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West Orange Times & Observer Wednesday, May 12, 2021 1 year ago

WGHF has a map for that

If you’ve ever wondered about the layout of Winter Garden’s streets and what was located where in the past, be sure to visit the WGHF exhibit that opens Thursday.
by: Amy Quesinberry Community Editor

Locating a spot on a map nowadays is as easy as opening up your phone and clicking an app — but it wasn’t always this simple. In days gone by, the only option was a paper road map, which most folks usually folded up and kept conveniently in their car’s glove box.

The Winter Garden Heritage Foundation is creating an exhibit that pays tribute to local mapmakers and their attention to detail in their products — which have guided residents, newcomers and vacationers along the streets for more than a century.

The exhibit, “Finding Your Way Home — There’s a Map for That! A Cartographic Survey of West Orange County,” showcases several dozen maps from the foundation’s archives, from the earliest rendition of the city of Winter Garden to a downtown map recently produced by the city.

Folks seem to have taken a real interest in local history, said Jim Crescitelli, director of operations and programming at the WGHF.

“With so many people moving to the area, we get a lot of people buying property here and they want to know the history of their property or subdivision,” he said. “People are very history oriented when they come to town and want to know the background. A lot of times we have a lot of maps that can locate what was there before. They really want to know the background of their choice of where to live.”

One of the more colorful maps is the Sanborn Water and Fire Map of Winter Garden from 1924, which was used by insurance companies. Small pieces of paper were pasted onto the map as businesses and residences were added or changed.

“Sometimes it was just a street addition,” Crescitelli said. “It was literally a pasted-on overlay.”

This practice continued until 1960.

The collection includes glossy scans of the 1917 and 1924 maps before any changes were made, so museum staff know what the original map looked like.

“We refer to that all the time to find out what was previously there on that property,” he said.

The museum has catalogued 279 maps and atlases, ranging from a 1923 sanitary sewer map, aerial photography maps and blueprints to plat maps and county and state maps. Many are donated from local residents, including Claude Hawthorne and Larry Grimes.

This 1919 survey map was commissioned by farmers and planters who wanted to check the viability of planting in the muck land on the northern shore of Lake Apopka.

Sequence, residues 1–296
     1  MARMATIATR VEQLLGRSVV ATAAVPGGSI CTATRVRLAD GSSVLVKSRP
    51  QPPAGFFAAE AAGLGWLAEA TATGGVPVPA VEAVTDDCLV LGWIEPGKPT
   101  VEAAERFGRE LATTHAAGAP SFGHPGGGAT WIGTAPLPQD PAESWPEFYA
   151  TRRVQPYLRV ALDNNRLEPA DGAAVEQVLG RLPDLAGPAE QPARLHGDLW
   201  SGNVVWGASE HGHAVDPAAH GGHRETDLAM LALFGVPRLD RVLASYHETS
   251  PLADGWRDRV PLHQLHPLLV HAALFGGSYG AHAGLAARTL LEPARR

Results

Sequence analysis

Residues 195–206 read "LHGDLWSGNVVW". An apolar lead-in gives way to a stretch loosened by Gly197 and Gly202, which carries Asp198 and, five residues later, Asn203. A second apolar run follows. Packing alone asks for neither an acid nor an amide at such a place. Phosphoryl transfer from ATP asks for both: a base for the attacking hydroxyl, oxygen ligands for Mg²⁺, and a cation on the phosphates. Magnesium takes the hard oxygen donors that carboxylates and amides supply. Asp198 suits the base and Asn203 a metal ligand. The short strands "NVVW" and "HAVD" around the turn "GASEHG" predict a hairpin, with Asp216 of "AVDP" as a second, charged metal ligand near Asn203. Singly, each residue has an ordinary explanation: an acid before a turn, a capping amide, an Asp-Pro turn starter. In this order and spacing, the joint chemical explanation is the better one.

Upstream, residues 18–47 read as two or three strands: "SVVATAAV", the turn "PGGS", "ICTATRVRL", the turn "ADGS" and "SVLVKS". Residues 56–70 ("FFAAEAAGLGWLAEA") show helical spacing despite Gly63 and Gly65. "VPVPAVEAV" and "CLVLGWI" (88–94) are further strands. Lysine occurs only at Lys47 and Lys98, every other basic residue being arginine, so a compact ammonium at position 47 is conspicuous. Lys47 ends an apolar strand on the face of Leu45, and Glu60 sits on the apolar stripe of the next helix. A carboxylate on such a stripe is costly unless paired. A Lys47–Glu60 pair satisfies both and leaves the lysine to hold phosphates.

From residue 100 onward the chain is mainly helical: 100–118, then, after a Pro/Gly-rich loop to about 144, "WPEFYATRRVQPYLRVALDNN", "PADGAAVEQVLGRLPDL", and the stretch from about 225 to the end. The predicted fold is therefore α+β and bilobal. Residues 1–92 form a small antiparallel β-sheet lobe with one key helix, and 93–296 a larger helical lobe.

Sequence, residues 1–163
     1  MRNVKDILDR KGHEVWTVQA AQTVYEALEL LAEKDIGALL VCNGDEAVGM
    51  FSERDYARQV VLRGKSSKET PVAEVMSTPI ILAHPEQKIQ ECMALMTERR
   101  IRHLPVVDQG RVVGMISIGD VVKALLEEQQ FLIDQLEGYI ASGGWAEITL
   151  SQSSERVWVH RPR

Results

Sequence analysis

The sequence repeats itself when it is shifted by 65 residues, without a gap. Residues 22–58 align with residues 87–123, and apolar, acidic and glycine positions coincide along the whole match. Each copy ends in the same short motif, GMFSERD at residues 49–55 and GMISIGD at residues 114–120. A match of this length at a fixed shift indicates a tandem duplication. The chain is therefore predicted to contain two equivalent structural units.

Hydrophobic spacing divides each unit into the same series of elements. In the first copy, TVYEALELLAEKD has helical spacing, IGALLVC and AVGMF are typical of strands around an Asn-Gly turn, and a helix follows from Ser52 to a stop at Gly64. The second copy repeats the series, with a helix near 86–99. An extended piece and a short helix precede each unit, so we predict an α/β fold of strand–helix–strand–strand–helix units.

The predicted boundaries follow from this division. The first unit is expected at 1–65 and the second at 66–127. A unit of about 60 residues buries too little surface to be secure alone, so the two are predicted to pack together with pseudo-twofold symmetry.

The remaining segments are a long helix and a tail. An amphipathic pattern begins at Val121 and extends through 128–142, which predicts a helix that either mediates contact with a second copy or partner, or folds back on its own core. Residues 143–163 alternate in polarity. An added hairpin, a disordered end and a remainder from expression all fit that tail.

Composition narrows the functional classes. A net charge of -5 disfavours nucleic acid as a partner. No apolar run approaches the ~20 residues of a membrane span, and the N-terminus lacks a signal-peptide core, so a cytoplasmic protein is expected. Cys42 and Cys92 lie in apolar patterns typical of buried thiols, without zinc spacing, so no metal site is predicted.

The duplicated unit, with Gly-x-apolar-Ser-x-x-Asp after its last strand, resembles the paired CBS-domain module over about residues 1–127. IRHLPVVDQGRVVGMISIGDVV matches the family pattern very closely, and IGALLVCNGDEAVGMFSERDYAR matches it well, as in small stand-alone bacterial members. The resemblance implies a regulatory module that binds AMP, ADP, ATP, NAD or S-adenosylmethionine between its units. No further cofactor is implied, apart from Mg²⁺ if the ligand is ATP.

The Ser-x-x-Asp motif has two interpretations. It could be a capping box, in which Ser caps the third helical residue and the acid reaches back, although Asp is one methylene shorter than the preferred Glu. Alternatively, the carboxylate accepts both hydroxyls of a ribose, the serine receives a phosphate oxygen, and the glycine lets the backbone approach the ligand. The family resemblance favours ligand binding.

There are property plat maps, including neighborhoods, such as the Troynelle subdivision, that were developed northwest of downtown Winter Garden along Lake Apopka. The Winter Garden Shores subdivision plat map had handwritten notes all around it.

One of the oldest maps in the museum collection is a copy of the 1879 map of Orange County by E.R. Trafford. It includes Oakland and Starke Lake but not Winter Garden or Ocoee, and it shows all of the area’s former train stops.

An 1890 Fries survey map of Orange County shows all the small railroad communities that dotted their way across West Orange County too.

Sketch maps from 1904, 1907 and 1912 from the Orange County Comptroller’s Office — including those of downtown Winter Garden around the time of the city’s official incorporation — also are stored at the museum.

The Winter Garden Chamber of Commerce issued this city map in the 1950s. The backside included photographs of the city’s amenities.

There are maps from every local municipality that was involved in the citrus industry, and there are maps from oil companies, chambers of commerce and state tourism agencies.

The foundation has original blueprints from the 1940s development of Lake Apopka’s North Shore, as well as the blueprints of many structures found in West Orange County.

Also in the collection is a reproduction of the town of Oakland’s 1896 map that was set up by the Orange Belt Railway.

“It’s an enormous collection,” Crescitelli said.

All of Winter Garden’s sewer lines were plotted on this sanitary sewerage system map from 1923.


The state travel agency handed out official Florida road maps. This side features images from around the state, and the other is a typical road map of Florida.


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Amy Quesinberry is the community editor of the West Orange Times & Observer and the Windermere Observer. She was born and raised in Winter Garden, grew up reading the community newspaper and has been employed there as a writer, photographer and editor since 1990....

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